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    UK Teacher Shortage Driven by Far More Than Payments - Specialist

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    England's schools are facing a severe shortage of teachers, with bigger class sizes and more subjects taught by staff without a relevant degree. The independent think tank the Education Policy Institute says that as schools in England prepare to return after the summer break, the problems of teacher recruitment remain unresolved.

    The think tank says targeted pay increases could reduce shortages. Education Secretary Damian Hinds has made staff recruitment a top priority. Former education minister, David Laws, now chairman of the Education Policy Institute, says the government faces a significant challenge to recruit enough teachers particularly in subjects like maths and sciences.

    There are particular problems for getting specialist teachers for maths and science, which the study says reflects the difficulty in recruiting graduates who could get better paid jobs in other careers. Sputnik spoke to Nansi Ellis, assistant general secretary for education policy at National Education Union about the latest report in to shortages.

    Sputnik: What did you make of the report in to teaching?

    Nansi Ellis: Obviously it sets out the problems we’ve known about for a while in terms of teacher recruitment and retention which has been getting worse across the board for at least the last 5 years. It gave some interesting suggestions, of how to take forward the plans to improve the recruitment and retention of teachers.

    I think by focussing on pay supplements and for some teachers, it misses a lot of the issues around why teachers leave the profession. We know one of the biggest reasons they leave is their workload.

    Sputnik: How can the teaching shortage be improved going forward?

    Nansi Ellis: I think we need to look across the board at teachers’ pay, a good first step would be the government funding the 3.5% pay increase that they just recommended, they haven’t fully funded, so they need to do that.

    They need to keep looking at teachers’ pay, because the gap between teachers’ pay and the pay in other graduate jobs professions is widening now the economy is getting better.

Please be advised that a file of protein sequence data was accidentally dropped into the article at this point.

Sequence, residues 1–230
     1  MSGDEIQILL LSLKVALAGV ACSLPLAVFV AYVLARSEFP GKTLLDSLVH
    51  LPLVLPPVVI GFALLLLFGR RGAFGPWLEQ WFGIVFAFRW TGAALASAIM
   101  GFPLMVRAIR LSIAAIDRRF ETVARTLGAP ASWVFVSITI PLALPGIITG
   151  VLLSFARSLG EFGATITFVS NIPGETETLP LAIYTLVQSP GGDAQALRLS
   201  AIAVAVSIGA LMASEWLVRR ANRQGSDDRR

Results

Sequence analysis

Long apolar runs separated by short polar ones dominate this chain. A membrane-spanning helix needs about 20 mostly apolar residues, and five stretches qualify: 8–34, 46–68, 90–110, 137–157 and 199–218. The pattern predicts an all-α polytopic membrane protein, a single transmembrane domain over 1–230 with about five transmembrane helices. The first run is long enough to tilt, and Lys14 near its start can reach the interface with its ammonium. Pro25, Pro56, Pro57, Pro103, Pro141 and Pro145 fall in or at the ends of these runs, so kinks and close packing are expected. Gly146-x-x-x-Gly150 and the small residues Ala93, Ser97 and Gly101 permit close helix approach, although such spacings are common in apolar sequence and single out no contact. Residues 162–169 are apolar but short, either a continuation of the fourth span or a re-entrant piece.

The government also needs to do more and think about workload and focus on the impact of accountability measures. They need to look at the changes around exams that we’ve had in England this year, and to look really seriously at reforming Ofsted.

    Sputnik: Do you think that the targeted incentive wages is a good idea?

    Nansi Ellis: It’s covering over the cracks, I think we need to be looking at bringing in teachers of all subjects into the profession although maths and physics in particular have a low number of teachers with a degree in that subject, other subjects are equally low. In England two thirds of teachers have a relevant degree at secondary level, so it’s not just those subject.

    We need to increase the pay across the board, but also make teaching a more attractive profession.

    Teachers come into teaching because they want to make a difference to children’s lives and often they love there subject; they want to enthuse children with that subject knowledge.

    What they get when they come in though is actually, a profession that is geared towards teaching to a test or exam; it’s about pupil’s performance rather than deep learning. That stops teaching giving their best to the profession and means there no longer engaged and reason why many of them leave.

    Views and opinions expressed in this article are those of Nansi Ellis and do not necessarily reflect those of Sputnik.

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    shortages, payment, teachers, education, Nansi Ellis, United Kingdom
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